Many were victims, themselves, says Champlin, and often have backgrounds that include incidents generally viewed as strong indicators of sexual or other physical abuse: bed-wetting, fire-starting and/or torturing animals.

Unfortunately, they then go on to victimize children and there are not enough police officers in the world to catch all the pedophiles lurking on the Internet.

Monday, July 21, 2008

Considering moderation....

I suspect that when the organizers of the New England Crime Bake mystery conference invited me to moderate a panel of short story authors, they had no idea how much of my life has prepared me for this task.

My job in November will be to introduce four short story writers and ask them stimulating questions that prompt answers to enthrall and educate the audience of a few hundred mystery writers and fans. I'll also try to make sure the authors get equal time (and no riots break out).

This moderating honor comes partly because I won the conference’s short story award last year and another story has been selected for "Deadfall: Crime Stories by New England Writers" to be published by Level Best Books this fall. But other things in my background also make me a good candidate:

· I have experience dealing with disputes about fiction. I once moderated a vicious argument between my children over the location of an invisible stop sign.
· When I was briefly class president in 5th grade, I wasn't afraid to use a ruler to rap a classmate’s knuckles for speaking out of turn. (You can understand why my reign was brief.)
· I also know better than to ask anyone what they plan to do with their book royalties. When I posed that question to US House Speaker Jim Wright years ago, I never anticipated his response might contribute to his downfall.
· I’ve spent untold hours observing Congress, the NH Legislature and local governing bodies. I learned that some politicians use the term “distinguished colleague” when they aren’t being nice. And if they say “with all due respect,” what follows can be downright nasty. If I hear those words, I’m prepared for what’s coming.
· And I've had experience dealing with bad-tempered people. I raised two teenagers. Plus, I’ve taught classes on how to stop smoking. Believe me, there’s no way a mystery audience could ever be as cranky as a bunch of smokers trying to quit.

I believe I'm ready for this wonderful opportunity. But I'll be looking for that old ruler just in case.

Monday, July 14, 2008

Dance like nobody’s watching….

This is a wonderful antidote for a bad day. Invest 4 1/2 minutes watching this video and I guarantee you’ll be smiling when you see a little of what Matt Harding did in 14 months and 42 countries. If you’ve already seen it—over 6 million people have—watch it again.

If Matt came to your town and asked you to dance in his video, would you do it? If you answered “no,” maybe you need “Matt dancing” more than you realize.
I think we all could use some fun in our lives, don’t you?
Go do your own “Matt dance” and see if it helps.

Monday, July 7, 2008

Only in New Hampshire, USA

We’ve met the next president of the United States and have a photo on the wall to prove it.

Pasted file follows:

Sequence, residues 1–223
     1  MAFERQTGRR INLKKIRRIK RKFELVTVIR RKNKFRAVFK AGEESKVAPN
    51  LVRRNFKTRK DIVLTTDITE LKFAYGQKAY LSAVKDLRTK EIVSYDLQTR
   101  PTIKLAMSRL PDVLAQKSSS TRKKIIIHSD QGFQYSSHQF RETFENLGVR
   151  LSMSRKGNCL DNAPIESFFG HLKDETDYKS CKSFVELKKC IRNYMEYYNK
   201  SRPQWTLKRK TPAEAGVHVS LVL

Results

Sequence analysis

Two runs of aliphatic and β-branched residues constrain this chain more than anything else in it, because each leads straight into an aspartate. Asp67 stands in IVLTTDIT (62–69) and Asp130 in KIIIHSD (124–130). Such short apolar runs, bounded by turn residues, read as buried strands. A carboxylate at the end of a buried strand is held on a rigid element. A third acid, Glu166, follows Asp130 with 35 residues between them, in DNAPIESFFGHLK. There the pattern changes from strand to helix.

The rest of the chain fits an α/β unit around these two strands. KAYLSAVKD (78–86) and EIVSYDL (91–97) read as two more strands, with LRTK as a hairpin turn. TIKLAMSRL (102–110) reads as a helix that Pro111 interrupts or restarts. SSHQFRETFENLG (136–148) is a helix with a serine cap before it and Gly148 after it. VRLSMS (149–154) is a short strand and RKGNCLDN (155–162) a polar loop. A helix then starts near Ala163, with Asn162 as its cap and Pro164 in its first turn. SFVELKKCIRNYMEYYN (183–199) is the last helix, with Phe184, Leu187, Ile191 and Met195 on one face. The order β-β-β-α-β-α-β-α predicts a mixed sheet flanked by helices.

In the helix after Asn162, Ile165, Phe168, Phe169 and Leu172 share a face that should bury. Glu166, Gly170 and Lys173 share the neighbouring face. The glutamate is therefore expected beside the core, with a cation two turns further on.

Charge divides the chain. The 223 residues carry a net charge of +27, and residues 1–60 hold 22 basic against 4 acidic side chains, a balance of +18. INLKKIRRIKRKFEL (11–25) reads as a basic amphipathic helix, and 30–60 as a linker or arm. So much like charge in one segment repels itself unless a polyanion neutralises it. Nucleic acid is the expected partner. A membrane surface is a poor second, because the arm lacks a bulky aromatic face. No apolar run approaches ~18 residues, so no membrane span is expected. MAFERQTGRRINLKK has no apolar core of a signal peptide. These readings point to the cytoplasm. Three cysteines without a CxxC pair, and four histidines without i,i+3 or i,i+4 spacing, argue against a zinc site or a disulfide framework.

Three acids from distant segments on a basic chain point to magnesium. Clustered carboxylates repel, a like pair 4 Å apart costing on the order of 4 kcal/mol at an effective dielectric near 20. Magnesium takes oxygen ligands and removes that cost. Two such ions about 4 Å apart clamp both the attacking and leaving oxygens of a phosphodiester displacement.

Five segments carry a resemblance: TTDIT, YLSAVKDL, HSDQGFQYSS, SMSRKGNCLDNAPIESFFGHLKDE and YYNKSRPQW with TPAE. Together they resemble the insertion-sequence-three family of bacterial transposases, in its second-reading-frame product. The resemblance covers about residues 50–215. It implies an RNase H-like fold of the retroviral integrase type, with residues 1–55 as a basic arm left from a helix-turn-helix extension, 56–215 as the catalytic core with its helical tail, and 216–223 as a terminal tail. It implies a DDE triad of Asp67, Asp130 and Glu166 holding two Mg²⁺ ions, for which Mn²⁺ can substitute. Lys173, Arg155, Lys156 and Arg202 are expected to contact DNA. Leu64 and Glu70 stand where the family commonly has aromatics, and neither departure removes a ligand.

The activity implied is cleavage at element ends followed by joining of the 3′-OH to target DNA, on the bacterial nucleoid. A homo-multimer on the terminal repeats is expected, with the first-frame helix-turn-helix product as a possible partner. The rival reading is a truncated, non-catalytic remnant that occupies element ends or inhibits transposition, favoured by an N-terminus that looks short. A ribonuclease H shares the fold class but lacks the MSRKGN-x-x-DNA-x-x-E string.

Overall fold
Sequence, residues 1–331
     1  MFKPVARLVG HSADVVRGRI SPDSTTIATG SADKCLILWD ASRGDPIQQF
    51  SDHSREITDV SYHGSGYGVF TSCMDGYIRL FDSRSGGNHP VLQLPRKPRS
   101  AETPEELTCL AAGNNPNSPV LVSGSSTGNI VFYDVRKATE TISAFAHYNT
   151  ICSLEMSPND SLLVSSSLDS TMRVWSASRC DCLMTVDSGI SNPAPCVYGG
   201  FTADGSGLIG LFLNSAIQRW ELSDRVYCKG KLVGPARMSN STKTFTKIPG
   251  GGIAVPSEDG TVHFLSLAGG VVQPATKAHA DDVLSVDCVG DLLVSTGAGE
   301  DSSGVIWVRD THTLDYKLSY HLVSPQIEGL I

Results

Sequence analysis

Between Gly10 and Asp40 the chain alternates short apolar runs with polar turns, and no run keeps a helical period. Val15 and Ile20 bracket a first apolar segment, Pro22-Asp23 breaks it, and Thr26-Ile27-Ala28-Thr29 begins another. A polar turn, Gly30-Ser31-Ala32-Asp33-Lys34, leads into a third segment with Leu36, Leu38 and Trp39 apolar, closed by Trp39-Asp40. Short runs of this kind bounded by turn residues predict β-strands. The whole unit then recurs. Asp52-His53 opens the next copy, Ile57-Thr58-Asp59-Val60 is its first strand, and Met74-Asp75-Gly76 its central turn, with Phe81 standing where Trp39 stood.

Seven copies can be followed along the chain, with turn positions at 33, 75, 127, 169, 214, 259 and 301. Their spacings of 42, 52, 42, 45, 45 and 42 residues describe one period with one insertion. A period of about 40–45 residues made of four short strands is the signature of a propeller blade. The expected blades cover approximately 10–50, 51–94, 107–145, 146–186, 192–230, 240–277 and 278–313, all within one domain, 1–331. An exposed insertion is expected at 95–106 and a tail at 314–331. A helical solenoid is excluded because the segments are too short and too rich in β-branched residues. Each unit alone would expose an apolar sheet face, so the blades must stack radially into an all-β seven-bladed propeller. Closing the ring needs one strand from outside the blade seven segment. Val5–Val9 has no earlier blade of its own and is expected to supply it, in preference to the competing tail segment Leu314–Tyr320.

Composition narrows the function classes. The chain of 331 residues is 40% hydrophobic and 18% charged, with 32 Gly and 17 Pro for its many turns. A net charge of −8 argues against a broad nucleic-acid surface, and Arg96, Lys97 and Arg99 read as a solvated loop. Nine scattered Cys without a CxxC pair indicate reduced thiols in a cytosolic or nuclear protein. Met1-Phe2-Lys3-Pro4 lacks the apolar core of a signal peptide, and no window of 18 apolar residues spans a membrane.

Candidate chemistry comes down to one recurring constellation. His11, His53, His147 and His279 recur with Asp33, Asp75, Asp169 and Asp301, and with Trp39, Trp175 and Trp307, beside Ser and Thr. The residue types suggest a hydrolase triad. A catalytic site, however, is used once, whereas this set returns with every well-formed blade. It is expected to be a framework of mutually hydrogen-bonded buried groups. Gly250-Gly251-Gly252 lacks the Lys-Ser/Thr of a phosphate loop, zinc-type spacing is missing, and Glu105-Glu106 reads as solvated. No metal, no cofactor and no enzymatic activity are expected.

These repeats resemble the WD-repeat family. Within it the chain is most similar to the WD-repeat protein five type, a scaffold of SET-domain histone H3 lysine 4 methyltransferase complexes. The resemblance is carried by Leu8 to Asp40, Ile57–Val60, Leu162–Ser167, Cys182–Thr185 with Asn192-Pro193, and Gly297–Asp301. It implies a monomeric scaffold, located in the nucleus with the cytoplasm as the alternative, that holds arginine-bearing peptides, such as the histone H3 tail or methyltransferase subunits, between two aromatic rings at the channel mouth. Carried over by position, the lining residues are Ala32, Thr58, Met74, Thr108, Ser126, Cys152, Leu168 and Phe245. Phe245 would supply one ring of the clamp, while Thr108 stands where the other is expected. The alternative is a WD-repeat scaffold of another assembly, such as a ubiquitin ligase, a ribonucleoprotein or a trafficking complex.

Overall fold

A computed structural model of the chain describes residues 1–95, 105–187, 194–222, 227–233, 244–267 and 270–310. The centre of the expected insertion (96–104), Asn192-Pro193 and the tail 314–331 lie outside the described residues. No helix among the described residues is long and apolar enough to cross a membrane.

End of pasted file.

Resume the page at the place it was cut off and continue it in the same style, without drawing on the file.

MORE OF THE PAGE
I love being able to say that. Republicans usually narrow their eyes and look skeptical. The Dems also appear doubtful, especially when I confide their guy once put me in a virtual headlock and even called to chat for five minutes.

Such are the joys of living in New Hampshire: No matter who wins in November, Husband Frank and I can brag we’ve met the next leader of the free world. Maybe his vice president, too.

I am especially appreciative of this as we celebrate the Declaration of Independence. After all, how many ordinary citizens get to meet the king or queen of England?

In America, and especially New Hampshire, we have opportunities to meet the folks running for president. If you’ve heard the joke about the NH voter who was asked if he liked a certain candidate and responded: “I don’t know – I’ve only talked to him three times,” I assure you it’s no joke for some of us.

NH may not have as many residents as Philadelphia, but we do have a law requiring our presidential primary to be first in the nation. That means every candidate wants our vote – and wants it bad.

Although some NH citizens resent hearing their telephone ring non-stop and the deluge of campaign literature, Frank and I are such fans of free entertainment that we have no qualms about taking advantage of the opportunities -- or the free food and drink at the better events. This round, I also wanted my picture taken with every candidate. But with at least 16 presidential wannabes tromping through NH, the quest became a little tiresome and I limited my photo-stalking to the leaders.

I first met Barack Obama in December 2006 when he came to promote “The Audacity of Hope.” During his “reading” (that’s what they called the pre-primary foray into frigid and overwhelmingly white New Hampshire), I watched him nervously moving his foot back and forth behind the podium he was gripping
. A year later, there were no such signs of unease as he, wife Michelle and Oprah Winfrey electrified a crowd of 8,500 at the largest political rally in NH history. In between these events, I saw him at a private gathering and two rallies.

I also unexpectedly encountered him during one of his downtown campaign strolls and confronted him about my inability to make contact for a story Frank and I were writing for the 22 million readers of AARP Bulletin. At one point, he put his arm around my neck and turned me toward the cameras chronicling his every step. It felt like a headlock. But a week later, he telephoned me as promised and we talked for five minutes about caring for older relatives.